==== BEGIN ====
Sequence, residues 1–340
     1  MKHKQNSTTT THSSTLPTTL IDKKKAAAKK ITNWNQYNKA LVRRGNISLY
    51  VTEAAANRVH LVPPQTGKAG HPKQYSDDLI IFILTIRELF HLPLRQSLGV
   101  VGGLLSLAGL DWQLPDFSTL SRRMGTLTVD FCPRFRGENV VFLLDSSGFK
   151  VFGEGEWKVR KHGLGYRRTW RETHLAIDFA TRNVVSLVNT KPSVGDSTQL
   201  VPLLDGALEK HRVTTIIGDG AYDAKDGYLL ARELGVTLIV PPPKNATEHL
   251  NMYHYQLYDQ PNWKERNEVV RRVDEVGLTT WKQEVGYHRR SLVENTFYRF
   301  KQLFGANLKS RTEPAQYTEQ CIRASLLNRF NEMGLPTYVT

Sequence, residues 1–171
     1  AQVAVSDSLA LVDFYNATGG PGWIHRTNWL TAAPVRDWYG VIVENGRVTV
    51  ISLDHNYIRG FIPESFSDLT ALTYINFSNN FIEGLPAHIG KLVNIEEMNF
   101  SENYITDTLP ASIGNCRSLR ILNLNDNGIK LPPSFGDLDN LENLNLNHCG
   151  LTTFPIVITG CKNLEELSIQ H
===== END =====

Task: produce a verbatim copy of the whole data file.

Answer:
Sequence, residues 1–340
     1  MKHKQNSTTT THSSTLPTTL IDKKKAAAKK ITNWNQYNKA LVRRGNISLY
    51  VTEAAANRVH LVPPQTGKAG HPKQYSDDLI IFILTIRELF HLPLRQSLGV
   101  VGGLLSLAGL DWQLPDFSTL SRRMGTLTVD FCPRFRGENV VFLLDSSGFK
   151  VFGEGEWKVR KHGLGYRRTW RETHLAIDFA TRNVVSLVNT KPSVGDSTQL
   201  VPLLDGALEK HRVTTIIGDG AYDAKDGYLL ARELGVTLIV PPPKNATEHL
   251  NMYHYQLYDQ PNWKERNEVV RRVDEVGLTT WKQEVGYHRR SLVENTFYRF
   301  KQLFGANLKS RTEPAQYTEQ CIRASLLNRF NEMGLPTYVT

Sequence, residues 1–171
     1  AQVAVSDSLA LVDFYNATGG PGWIHRTNWL TAAPVRDWYG VIVENGRVTV
    51  ISLDHNYIRG FIPESFSDLT ALTYINFSNN FIEGLPAHIG KLVNIEEMNF
   101  SENYITDTLP ASIGNCRSLR ILNLNDNGIK LPPSFGDLDN LENLNLNHCG
   151  LTTFPIVITG CKNLEELSIQ H